The cheesemaker pumps the milk into a large vat, a magic cauldron, where she will start to use her clever craft to turn the milk into a unique artisan cheese. Under Silke’s instruction, on that fateful morning when I lost my heart to cheese, we began with regular ol’ plastic buckets, filled to the brim with fresh, raw, still-warm goats’ milk. It would take ten gallons of milk to produce each single-kilo cheese.
2. Living Culture.
Naturally-occurring bacteria live in all animals’ tummies (including ours), and are therefore present in all milk. These friendly lil dudes are good for aiding digestion, and if a cheese is made from raw milk they’ll contribute greatly to its character. The majority of cheeses these days are pasteurised, however, killing them off. This provides fantastic protection from scary things like listeria and tuberculosis, but also eliminates some of the natural goodness of the milk. If the cheesemaker has pasteurised the milk (and often if she hasn’t), she then adds a specific starter culture to “ripen,” or acidify it. Silke passed around a vial of her preferred culture, and we added a few drops to each of our buckets.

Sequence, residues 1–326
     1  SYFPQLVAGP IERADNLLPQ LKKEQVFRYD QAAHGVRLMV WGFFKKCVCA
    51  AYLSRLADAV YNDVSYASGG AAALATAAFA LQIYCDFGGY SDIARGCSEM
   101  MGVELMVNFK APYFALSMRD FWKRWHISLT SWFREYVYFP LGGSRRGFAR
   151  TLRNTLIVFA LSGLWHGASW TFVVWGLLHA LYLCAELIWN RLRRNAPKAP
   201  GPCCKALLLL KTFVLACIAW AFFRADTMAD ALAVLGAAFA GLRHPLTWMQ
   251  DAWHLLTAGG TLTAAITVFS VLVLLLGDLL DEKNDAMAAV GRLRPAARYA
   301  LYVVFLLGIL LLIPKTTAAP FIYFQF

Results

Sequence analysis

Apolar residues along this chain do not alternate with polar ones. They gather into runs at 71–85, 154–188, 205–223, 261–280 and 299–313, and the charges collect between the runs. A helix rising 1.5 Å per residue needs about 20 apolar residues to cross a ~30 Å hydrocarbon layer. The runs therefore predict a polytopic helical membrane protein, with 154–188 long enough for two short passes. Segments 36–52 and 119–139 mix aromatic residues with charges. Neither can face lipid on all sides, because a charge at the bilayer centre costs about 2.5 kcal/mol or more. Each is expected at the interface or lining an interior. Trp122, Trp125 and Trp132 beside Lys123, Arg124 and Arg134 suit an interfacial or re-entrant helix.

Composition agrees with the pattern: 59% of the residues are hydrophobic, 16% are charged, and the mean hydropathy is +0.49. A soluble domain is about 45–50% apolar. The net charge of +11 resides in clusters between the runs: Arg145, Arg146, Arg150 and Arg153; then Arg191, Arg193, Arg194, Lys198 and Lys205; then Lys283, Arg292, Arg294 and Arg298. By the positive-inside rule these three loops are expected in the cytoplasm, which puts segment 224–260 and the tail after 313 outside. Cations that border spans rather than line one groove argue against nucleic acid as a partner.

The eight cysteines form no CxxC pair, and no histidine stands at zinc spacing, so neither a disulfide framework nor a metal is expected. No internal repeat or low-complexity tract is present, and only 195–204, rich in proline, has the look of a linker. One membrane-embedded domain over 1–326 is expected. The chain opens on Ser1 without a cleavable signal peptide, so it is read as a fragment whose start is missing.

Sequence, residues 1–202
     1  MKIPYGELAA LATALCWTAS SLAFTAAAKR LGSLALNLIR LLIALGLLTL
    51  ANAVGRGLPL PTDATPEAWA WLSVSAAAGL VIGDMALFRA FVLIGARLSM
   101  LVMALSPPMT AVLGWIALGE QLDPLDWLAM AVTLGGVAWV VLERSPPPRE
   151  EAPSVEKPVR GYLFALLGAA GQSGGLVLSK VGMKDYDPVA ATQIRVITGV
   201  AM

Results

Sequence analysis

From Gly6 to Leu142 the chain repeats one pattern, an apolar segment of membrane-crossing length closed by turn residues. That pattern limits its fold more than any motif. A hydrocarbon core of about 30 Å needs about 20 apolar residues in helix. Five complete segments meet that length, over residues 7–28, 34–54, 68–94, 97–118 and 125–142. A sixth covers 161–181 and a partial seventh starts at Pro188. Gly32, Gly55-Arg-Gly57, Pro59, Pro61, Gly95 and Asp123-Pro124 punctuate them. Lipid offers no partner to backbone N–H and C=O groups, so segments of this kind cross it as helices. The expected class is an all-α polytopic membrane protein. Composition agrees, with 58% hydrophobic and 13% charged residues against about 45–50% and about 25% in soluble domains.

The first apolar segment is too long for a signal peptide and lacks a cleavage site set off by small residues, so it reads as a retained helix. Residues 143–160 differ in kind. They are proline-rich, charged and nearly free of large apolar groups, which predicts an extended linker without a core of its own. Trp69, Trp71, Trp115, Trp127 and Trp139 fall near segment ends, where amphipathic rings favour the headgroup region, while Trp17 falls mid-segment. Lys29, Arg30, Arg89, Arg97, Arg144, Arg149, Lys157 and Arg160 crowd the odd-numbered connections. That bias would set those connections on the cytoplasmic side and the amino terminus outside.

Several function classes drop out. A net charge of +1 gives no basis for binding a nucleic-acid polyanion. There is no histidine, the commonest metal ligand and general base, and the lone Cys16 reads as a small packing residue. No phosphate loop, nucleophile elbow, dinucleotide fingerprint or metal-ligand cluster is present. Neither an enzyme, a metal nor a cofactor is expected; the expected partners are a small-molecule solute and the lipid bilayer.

3. Let’s Go All The Whey, Baby.
Rennet, a milk-clotting enzyme, is the wonder ingredient of cheese, a magic potion. Rennet is naturally present in the lining of mammals’ stomachs; vegetarian rennet can be made from plants, fungi or microbes. Once added to the vat, the enthusiastic enzymes start to coagulate the milk, separating it into soft, solid curds and watery whey. The cheesemaker cuts this custard-like mixture repeatedly into smaller and smaller parts, allowing more whey to drain off. We did this using lengths of wire, bent into U-shapes. (The whey is a by-product of cheese production, but shouldn’t go to waste: should you happen to be on a farm, it makes excellent food for pigs. They freakin’ love it.) The warm, jellyish curds are stirred gently until they’re firm enough – in our case, using just our clean hands.)
4. Getting In Shape.
Once the milk has separated, the curds are packed into moulds, and weighted to press out any remaining whey (hard cheeses, in particular, will be firmly pressed to push out any liquid or air pockets). These curd-filled moulds will now be turned repeatedly throughout the day, in order to form them into the desired shape.